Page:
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GAZA CITY: The Gaza Strip may be off-limits to foreign foodies, but the coastal Palestinian enclave is full of seafood restaurants, many of which are owned by a local family whose culinary hook is their spicy fish tagine. matriarch.

Munir Abu Hasira arrives at the Gaza Port fish market at dawn, but holds back as traders catch sardines and other fish caught overnight.

It catches more demanding catches like grouper, sea bream and large shrimp, which can cost around NIS 70 ($ 22) a kilo – a small fortune in the impoverished enclave, under Israeli blockade since 2007.

“It’s expensive because of the economic situation, but we buy the fish to supply restaurants and to export it” to the occupied West Bank, he says, as workers stack fresh fish in a van.

For decades the Abu Hasira family were fishermen, but since opening their first restaurant in the 1970s, they have gradually traded in their fishing kit for chef’s tools.

Gaza fishermen say they are struggling to make a living, trapped by Israeli restrictions on the enclave’s fishing area and on the importation of equipment into the enclave, from boat engines to sonar devices for finding shoals.

Problems such as overfishing and pollution deteriorate the local industry.

Some 4,200 tonnes of fish and seafood were caught in Gaza waters last year, according to Israeli authorities. Only 300 tonnes were exported to the West Bank.

Sitting on a chair in a Gaza courtyard, Eid Abu Hasira, in his eighties, said he was the last of the family’s fishermen.

“I sold everything in 2013,” said the head of the family, sporting a white mustache and wearing a traditional dress and headdress.

“Today we are in the fish business and have 13 restaurants in Abu Hasira,” he said, clutching the Muslim rosary as he leaned on a wooden cane.

One of his ancestors was a prominent Moroccan Jewish rabbi who died on a trip to Egypt in the 19th century.

A descendant in Egypt had a vision that “they had to go to Gaza,” said Eid Abu Hasira.

“So we came here. My grandfather chose to live by the sea, ”he said, adding that a Jewish branch of the family lives in Israel, while those in Gaza are Muslims.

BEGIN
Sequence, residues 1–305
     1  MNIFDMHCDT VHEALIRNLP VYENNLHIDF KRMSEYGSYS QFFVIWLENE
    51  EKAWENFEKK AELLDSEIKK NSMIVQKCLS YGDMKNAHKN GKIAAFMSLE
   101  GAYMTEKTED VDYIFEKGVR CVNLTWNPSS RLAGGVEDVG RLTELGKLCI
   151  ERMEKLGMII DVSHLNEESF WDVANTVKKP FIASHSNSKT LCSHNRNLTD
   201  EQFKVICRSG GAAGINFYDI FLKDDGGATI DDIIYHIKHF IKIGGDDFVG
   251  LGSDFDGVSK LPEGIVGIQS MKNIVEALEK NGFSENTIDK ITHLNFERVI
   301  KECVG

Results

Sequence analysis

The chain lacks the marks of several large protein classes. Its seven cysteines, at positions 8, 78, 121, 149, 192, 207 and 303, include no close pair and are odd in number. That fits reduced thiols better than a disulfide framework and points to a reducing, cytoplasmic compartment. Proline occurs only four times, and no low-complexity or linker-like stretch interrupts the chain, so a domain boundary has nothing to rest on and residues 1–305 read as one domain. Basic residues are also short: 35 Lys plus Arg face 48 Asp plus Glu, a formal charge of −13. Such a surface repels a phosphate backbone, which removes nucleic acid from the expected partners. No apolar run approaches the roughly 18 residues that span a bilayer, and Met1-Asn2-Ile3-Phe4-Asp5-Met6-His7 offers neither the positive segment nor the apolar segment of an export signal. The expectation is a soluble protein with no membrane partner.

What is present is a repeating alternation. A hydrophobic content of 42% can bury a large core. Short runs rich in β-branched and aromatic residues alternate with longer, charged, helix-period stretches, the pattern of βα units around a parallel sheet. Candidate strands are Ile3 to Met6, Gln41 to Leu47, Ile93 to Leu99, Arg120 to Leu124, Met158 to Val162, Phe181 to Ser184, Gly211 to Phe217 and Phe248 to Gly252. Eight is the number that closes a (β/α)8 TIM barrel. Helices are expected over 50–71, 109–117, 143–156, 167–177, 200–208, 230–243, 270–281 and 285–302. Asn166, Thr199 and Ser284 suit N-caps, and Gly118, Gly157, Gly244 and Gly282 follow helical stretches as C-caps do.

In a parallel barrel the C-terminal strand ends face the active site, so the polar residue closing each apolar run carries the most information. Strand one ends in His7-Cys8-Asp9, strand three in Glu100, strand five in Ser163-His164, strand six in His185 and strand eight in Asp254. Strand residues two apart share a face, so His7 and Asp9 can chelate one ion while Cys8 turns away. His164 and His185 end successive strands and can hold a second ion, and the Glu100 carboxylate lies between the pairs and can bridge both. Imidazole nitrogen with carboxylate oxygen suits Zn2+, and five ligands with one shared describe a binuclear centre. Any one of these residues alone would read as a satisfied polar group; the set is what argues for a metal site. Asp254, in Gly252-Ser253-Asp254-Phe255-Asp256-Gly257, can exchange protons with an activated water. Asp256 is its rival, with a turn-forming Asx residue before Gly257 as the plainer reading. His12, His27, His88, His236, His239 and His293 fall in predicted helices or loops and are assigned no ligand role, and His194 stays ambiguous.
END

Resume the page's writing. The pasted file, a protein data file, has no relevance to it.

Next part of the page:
As a young boy, his mother prepared a seafood tagine that has become the signature dish of the Abu Hasira family chain.

Moeen Abu Hasira, 56, paid tribute to his family’s culinary heritage, from their shrimp and tomato tagine, known as ‘zibdiyit’, to a fish tagine made with tahini, herbs and pine nuts, passing through the grilled grouper.

“The secret to Gaza’s cuisine is hot peppers,” he said from the kitchen of his restaurant, which he opened earlier this year.

The clientele of the Abu Hasira family has evolved over time.

“Until the start of the first Intifada, our restaurants were packed. The Israelis came to eat here and so did the tourists, ”said Moeen Abu Hasira, referring to the first Palestinian uprising in 1987.

Since the start of the Israeli blockade in 2007 after the Islamist group Hamas took control of the enclave, few international tourists, foodies or food guides have visited.

Now the family’s restaurants cater to affluent Palestinian clientele, but Moeen Abu Hasira said times were tough as unemployment in Gaza hovers around 50 percent.

“No one will give you a star” in recognition of your restaurant, said the chef, trained in French cuisine at a restaurant in the Israeli city of Jaffa.

“We didn’t learn in cooking schools or universities. There is none of that in Gaza, ”he said. “We all learn from each other. “


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